With Nehalem architecture, Intel raised the CPU performance bar to a level that AMD has not been able to reach yet. Now Intel pushes it up even further by dropping a new top CPU on the market. But, is it worth the money?
Looking back at the past seven months, the Core i7 965 Extreme Edition is arguably the fastest stock consumer level CPU you can purchase right now. It is quite simply a monster. When we first looked at the i7 965 we were amazed at its power and headroom. For the first time we saw Lightwave single frame 1080i renders in less than three minutes and that is something that had never happened before. In fact, the quad-core Core i7 at 3.2 GHz even beat out the fastest 3.2 GHz Octa-Core Mac Pros out at the time [their times were just over 3 minutes for the same frame].
So how do you top performance like that? Well if you are Intel - you tweak the core of the CPU and bump up the multiplier and you create a D0 stepping CPU that features improved performance, reduced power consumption and what is most important right now; more overclocking headroom.
We have been lucky enough to get our hands on one of these and put it together with a GigaByte X58 Extreme mainboard for some testing at stock and overclocked speeds. So sit back and relax, and in the event of a water landing the person next to you may double as a flotation device… Ok now that I have gotten that out of my system lets dive into the i7 975 Xtreme Edition CPU from Intel.
As we received this sample directly from Intel, we were unable to evaluate the packaging. However, we believe that most of our readers are aware with Intel's product packaging. The retail CPU will come inside a box manufactured with recyclable-friendly paper, while the plastic casing can be disposed in a separate bin [where available, Ed.].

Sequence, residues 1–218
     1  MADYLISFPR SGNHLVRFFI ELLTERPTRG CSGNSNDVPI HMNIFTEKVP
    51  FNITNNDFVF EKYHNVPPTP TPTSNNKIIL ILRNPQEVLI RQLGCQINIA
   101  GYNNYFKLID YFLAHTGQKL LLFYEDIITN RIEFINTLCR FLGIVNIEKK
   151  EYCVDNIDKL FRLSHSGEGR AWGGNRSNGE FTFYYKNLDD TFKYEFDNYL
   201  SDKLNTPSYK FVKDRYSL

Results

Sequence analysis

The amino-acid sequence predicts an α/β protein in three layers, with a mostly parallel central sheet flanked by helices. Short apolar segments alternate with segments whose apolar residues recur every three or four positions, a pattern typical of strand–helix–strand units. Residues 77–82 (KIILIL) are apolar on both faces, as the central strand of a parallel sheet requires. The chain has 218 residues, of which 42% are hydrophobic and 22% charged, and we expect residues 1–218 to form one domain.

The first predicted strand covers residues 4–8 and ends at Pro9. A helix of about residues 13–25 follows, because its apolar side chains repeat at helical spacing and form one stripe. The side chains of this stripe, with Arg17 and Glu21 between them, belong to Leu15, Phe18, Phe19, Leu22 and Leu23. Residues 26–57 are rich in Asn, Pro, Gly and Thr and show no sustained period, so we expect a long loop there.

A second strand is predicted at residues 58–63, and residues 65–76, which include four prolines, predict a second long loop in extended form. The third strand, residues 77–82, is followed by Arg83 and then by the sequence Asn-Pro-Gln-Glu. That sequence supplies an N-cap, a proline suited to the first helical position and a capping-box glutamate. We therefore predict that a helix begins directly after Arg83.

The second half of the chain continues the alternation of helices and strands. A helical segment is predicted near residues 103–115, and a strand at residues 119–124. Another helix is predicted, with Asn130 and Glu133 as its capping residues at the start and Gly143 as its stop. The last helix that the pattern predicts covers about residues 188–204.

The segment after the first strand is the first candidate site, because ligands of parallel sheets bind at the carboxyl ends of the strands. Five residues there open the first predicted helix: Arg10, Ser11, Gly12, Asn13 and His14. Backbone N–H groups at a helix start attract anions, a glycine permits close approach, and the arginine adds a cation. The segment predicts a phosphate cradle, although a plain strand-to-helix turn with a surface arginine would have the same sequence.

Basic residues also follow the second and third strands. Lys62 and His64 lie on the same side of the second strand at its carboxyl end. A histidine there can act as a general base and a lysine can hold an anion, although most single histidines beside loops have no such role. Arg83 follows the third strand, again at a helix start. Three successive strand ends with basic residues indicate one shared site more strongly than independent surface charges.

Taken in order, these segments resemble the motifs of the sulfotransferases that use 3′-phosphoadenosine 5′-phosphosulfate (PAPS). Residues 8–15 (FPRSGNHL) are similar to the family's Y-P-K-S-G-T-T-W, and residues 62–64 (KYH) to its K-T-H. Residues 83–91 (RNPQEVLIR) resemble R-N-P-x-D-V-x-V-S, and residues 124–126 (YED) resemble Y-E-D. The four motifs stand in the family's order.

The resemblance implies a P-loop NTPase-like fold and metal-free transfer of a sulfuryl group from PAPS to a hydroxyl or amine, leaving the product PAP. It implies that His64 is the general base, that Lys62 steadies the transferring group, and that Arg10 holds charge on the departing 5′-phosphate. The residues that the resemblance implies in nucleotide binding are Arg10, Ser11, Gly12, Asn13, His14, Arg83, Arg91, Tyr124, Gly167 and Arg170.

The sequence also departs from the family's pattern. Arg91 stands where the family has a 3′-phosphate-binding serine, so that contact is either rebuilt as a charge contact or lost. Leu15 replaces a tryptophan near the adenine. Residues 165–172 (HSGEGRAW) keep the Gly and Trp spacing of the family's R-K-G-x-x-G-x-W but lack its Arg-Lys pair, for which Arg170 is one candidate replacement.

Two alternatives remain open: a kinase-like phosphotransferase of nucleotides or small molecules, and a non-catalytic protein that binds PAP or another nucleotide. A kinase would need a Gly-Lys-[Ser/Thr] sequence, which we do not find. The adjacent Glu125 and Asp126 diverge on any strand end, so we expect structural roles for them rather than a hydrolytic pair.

Like stated before, we received the unit in an Intel standard evaluation CPU box - the retail experience would consist out of pulling the protective part of the retail box and removing the CPU and the cooler from the package. You would also get one of newly redesigned stickers for the case. If you're purchasing a product priced at 999 greenbacks, you might as well put the sticker on the case.
In our case, we simply applied ArticClean to prepare the IHS [Integrated Heat-Spreader or Heat-Sink] for installation, pulled up a lever on our GigaByte X58 Extreme motherboard, installed this sizeable CPU into the LGA-1366 processor socket, lowered the lever to lock the CPU in its place, positioned a Swiftec Apogee GTZ water-block and that concluded the installation part. Bear in mind that we do not see any point in shelling out a grand for the CPU if you're not going to cool it with best possible way. In our case, since the goal is long-term stability with the high overclock, the solution to our dilema was simple - install water-cooling inside the system.
As the D0 Stepping has been out for a couple of months we won’t delve into what is new there but will give you the dirty details on what you can expect performance wise from the new Bully on the Block.
The system we cobbled together for our testing was something of a beast, but that is to be expected if the CPU alone is a whole grand. We will experiment with the CPU in different platforms in the upcoming articles, but for now the goal was to compare progress made by Intel between i7 965 and 975 processors.
Intel Core i7 965 XE [C0 Stepping Engineering Sample]
Intel Core i7 975 XE [D0 Stepping Engineering Sample]
GIGABYTE X58 Extreme Mainboard [BIOS Version F8b]
6GB Qimonda Aneon DDR3 1600 [CL9]
6GB Kingston DDR3 1600 [used for overclocking testing]
2x Zotac GTX 280 AMP! Edition 1GB GDDR3 GPUs [SLI-mode turned on]
LSI MegaRAID PCIe card
2x Seagate Cheetah 15k RPM 147GB SAS Drives [RAID 0]
Cooler Master UCP 1100W power supply
Swiftech H20 220 Apex Ultima Kit [with Apogee GTZ for i7]
Cooler Master ATCS 840 Enclosure
Microsoft Windows 7 Ultimate RC1
Continued on the next pages, Synthetic and Real-world testing, Overclocking, Value.
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